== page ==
Civil War: A Victory Saves the Union

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In June of 1863, reports of Confederate troops aroused fear in the farming communities along the Pennsylvania border. Many African-American residents of Adams County fled north to escape potential capture and enslavement. From July 1 through 3, the now-peaceful college town of Gettysburg became the site of one of the bloodiest battles of the Civil War. A deciding point in the conflict, the Union victory came at a terrible cost. More than 50,000 Americans lost their lives on the battlefield.

Four months later, Abraham Lincoln visited to dedicate the Soldier's National Cemetery. His brief but eloquent speech - the Gettysburg Address - achieved immortality for the battle and the struggle. Gettysburg was memorialized as a rebirth of freedom "four scores and seven years" after the Declaration of Independence.

In Gettysburg, the past is always present. Mementos of the battle are everywhere, from bullet holes that pepper the walls of Historic Farnsworth House Inn to an artillery shell still stuck in the side of the Samuel Schmucker House. Memorial statues and obelisks stand as sentinels to honor the men who gave their lives here.

Today, tourists stroll through town and mingle with re-enactors in Union and Confederate uniforms. Visitors can stop at the restored train station where Lincoln arrived, the David Wills House where he spent the night before delivering the Gettysburg Address, or the Wade House where 20-year-old Jennie Wade became the only civilian casualty.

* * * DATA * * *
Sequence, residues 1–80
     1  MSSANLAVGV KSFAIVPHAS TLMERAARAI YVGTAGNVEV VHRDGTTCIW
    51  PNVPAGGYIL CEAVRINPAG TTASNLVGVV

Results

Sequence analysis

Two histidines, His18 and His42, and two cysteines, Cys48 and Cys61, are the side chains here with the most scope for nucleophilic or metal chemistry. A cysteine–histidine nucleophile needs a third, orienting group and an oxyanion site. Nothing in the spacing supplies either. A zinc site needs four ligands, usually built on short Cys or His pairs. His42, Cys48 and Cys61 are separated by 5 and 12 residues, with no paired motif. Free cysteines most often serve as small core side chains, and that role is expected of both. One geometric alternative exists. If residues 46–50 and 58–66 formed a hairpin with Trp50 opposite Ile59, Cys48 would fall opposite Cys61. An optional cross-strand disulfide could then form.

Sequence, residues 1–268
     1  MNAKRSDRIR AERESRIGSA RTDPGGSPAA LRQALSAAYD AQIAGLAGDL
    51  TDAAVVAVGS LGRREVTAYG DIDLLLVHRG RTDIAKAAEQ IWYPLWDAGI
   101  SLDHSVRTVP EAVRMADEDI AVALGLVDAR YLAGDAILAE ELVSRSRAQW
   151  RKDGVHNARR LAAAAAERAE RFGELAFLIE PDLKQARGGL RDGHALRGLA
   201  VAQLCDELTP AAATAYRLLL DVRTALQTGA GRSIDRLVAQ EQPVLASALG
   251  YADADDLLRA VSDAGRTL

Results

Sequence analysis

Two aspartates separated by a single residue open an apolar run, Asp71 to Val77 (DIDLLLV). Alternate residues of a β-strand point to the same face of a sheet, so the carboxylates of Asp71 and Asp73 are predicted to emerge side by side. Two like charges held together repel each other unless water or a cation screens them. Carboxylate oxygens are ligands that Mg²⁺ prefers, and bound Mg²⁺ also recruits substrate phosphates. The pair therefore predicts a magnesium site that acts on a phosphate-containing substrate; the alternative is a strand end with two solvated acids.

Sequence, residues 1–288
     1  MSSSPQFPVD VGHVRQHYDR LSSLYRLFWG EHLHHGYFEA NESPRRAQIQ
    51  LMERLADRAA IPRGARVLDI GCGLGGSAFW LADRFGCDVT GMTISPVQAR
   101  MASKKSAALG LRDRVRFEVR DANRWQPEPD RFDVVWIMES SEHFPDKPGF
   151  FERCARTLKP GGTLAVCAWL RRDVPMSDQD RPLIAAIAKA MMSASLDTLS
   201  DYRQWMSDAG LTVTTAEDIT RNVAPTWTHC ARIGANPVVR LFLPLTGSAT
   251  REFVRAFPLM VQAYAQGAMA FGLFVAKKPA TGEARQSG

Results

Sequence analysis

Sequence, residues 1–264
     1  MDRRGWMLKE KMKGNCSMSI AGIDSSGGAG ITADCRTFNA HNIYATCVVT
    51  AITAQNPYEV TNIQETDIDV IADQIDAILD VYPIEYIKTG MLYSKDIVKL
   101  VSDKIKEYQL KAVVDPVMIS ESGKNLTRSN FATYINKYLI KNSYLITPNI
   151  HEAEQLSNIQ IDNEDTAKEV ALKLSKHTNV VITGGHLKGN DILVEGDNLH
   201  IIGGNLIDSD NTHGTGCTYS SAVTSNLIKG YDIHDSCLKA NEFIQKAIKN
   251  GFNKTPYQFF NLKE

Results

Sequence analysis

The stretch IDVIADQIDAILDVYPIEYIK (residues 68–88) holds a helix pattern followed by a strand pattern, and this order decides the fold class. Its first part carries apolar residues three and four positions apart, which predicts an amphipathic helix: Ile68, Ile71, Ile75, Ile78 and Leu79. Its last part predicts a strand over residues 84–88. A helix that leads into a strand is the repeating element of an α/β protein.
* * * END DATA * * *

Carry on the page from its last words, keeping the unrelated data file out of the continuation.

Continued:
The scale of conflict and the heroism on both sides makes the 6,000 acres of the Gettysburg Battlefield hallowed ground for all who visit. Walking these now-serene fields, it is impossible not to reflect on the sacrifices of those who fought and died here. The Gettysburg National Military Park Museum and Visitor Center brings the battle to life through the recently restored Cyclorama - a 360-degree panorama of Pickett's Charge, the battle's iconic climax. Interactive exhibits feature personal stories artifacts and journals that explain the background, events and legacy of Gettysburg.

The surrounding countryside Gettysburg is also rich in Civil War-era history. Pennsylvania communities such as Chambersburg were located close to the Mason-Dixon Line, and were active in anti-slavery activities before the war and military encounters during it. John Brown, the fiery abolitionist, stayed at Mary Ritner's Boarding House in Chambersburg while planning his 1859 attack on the federal arsenal at Harper's Ferry.

The nation commemorates the 150th anniversary of the Civil War (pacivilwar150.com) in 2013. Then as now Gettysburg reminds us, as Lincoln did, that we all share responsibility that this "government of the people, by the people, for the people shall not perish from this earth."

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